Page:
ISSN 1305-3825 | E-ISSN 1305-3612
Neuroradiology - Original Article
Learning of serial digits leads to frontal activation in functional MR imaging
1 Department of Radiology, Fatih Sultan Mehmet Training and Research Hospital, İstanbul, Turkey  
2 Department of Psychology, Cyprus International University, Nicosia, Turkish Republic of Northern Cyprus  
Diagn Interv Radiol 2006; 12: 9-13

Key Words: sequencing, temporal ordering, frontal lobe, prefrontal area, functional magnetic resonance imagin serial digit learning test
Abstract

PURPOSE
Clinical studies have shown that performance on the serial digit learning test (SDLT) is dependent upon the mesial temporal lobes, which are responsible for learning and its consolidation. However, an effective SDLT performance is also dependent upon sequencing, temporal ordering, and the utilization of mnemonic strategies. All of these processes are among the functions of the frontal lobes; in spite of this, the relationship between SDLT performance and the frontal lobes has not been demonstrated with previously used mapping techniques. The aim of this study was to investigate the areas of the brain that are activated by SDLT performance.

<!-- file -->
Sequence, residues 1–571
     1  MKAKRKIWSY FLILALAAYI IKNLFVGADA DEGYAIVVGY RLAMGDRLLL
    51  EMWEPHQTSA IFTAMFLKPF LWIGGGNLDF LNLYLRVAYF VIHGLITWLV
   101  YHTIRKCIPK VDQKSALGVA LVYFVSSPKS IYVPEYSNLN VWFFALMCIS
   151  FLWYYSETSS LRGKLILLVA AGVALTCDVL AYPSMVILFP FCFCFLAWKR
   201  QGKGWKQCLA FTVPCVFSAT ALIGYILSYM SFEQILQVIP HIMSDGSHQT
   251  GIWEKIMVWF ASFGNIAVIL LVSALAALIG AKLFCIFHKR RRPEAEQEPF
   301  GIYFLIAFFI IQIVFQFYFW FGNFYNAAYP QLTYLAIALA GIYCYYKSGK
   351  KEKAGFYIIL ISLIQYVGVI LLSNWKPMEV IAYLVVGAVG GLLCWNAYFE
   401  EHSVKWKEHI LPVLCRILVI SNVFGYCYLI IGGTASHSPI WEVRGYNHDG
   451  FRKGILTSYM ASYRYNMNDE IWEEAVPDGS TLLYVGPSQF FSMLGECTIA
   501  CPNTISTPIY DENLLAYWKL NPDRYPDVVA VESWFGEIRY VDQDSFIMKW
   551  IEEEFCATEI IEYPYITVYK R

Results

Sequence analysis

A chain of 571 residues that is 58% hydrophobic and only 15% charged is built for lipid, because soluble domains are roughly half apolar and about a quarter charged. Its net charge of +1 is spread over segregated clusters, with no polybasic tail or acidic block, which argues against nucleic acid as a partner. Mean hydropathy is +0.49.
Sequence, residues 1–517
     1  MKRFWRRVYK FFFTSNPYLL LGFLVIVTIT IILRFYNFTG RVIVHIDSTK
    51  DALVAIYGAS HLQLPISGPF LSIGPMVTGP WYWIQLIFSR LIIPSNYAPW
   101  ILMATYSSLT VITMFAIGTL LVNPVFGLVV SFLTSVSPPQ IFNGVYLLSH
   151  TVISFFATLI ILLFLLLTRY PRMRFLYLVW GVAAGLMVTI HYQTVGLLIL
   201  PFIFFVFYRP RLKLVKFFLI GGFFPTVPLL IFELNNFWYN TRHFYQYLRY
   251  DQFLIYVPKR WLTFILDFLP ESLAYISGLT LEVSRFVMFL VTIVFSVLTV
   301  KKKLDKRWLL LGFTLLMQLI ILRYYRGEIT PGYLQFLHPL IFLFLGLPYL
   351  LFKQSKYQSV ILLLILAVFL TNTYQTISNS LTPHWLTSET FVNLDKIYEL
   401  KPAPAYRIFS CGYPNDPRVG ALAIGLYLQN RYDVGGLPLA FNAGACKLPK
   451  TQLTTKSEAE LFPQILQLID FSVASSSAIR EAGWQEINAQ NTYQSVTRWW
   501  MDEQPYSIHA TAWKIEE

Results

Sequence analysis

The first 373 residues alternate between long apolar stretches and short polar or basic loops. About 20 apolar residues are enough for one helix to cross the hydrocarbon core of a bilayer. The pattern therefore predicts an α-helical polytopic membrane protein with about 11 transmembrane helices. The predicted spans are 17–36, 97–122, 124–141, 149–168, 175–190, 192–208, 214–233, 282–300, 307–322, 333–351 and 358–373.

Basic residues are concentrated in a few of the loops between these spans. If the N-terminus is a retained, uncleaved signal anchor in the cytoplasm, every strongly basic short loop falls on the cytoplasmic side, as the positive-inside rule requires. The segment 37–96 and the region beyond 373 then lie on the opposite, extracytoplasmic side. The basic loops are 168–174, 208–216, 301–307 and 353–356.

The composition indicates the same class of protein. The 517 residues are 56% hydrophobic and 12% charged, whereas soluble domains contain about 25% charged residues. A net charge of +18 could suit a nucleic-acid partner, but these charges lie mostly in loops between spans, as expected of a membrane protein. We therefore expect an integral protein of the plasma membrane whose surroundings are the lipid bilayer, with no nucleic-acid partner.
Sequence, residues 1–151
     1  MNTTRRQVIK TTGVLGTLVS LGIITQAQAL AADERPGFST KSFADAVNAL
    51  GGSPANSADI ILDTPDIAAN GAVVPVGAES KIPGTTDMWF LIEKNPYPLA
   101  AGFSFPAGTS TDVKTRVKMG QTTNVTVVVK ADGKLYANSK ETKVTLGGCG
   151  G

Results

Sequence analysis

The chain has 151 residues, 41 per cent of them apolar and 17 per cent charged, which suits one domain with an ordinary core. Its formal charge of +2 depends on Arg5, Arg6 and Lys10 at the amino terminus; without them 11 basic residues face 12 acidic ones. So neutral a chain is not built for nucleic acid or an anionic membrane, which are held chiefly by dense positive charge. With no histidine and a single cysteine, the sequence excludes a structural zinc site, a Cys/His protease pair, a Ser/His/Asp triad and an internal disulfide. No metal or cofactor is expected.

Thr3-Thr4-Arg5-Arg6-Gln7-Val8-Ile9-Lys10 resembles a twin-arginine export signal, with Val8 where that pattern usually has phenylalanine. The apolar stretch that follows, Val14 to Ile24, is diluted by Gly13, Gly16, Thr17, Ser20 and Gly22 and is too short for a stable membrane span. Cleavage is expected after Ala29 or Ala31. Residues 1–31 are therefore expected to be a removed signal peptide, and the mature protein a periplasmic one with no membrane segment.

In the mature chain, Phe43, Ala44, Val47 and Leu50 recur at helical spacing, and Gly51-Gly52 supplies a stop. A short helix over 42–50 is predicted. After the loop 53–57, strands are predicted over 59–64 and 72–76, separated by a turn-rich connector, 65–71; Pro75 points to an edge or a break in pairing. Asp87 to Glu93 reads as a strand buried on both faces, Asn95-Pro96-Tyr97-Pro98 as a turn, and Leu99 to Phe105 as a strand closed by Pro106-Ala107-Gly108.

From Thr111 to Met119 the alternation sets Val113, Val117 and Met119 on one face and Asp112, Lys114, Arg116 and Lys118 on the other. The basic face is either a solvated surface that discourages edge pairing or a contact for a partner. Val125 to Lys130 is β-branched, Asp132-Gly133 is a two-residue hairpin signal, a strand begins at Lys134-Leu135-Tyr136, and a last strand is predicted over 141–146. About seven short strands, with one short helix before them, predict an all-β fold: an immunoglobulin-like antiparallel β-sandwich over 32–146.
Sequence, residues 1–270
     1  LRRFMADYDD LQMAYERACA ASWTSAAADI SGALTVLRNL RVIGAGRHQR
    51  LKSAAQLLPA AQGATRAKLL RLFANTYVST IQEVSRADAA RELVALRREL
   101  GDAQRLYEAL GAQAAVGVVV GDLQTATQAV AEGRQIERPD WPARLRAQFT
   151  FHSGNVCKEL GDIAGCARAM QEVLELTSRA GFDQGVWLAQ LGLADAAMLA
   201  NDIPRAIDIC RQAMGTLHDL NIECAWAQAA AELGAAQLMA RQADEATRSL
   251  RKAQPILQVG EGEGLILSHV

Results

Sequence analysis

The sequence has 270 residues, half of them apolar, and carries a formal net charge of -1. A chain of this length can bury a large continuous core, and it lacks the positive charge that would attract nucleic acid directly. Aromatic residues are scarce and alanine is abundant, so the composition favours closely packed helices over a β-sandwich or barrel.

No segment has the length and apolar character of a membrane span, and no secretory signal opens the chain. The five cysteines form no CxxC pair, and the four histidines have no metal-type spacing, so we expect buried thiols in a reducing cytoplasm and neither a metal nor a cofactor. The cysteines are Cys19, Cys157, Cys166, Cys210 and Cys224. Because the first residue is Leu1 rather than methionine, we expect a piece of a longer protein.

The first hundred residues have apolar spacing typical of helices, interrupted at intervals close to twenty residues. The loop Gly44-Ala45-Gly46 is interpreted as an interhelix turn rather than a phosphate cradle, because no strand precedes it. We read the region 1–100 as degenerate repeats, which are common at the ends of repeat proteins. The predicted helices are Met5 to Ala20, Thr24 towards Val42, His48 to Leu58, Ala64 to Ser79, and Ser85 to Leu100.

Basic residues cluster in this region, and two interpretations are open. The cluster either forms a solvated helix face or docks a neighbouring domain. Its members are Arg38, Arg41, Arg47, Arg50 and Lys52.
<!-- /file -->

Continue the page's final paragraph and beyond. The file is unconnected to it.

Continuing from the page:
MATERIALS AND METHODS
Ten healthy, right handed volunteers (mean age, 20.1 years; SD: 3.3) who had 12 years of education were studied with a 1.0 T MR imaging scanner. BOLD (blood oxygen level dependent) contrast and a modified SDLT were used. Activated loci were automatically mapped using a proportional grid.

 

RESULTS
In learning, the most consistent activation was observed in B-a-7 of the right (80%) and the left hemispheres (50%). In recall, the most consistent activation was observed in B-a-7 of the right hemisphere (60%). Activations were observed in 2.5±0.97 Talairach volumes in learning, whereas they encompassed 1.7±0.95 volumes in recall. The difference between both phases (learning and recall) regarding total activated volume was significant (p<0.05).

 

CONCLUSION
The prefrontal activation during SDLT performance was not related to learning or to recall, but to a function that is common to both of these cognitive processes. A candidate for this common factor may be the executive functions, which also include serial position processing and temporal ordering.

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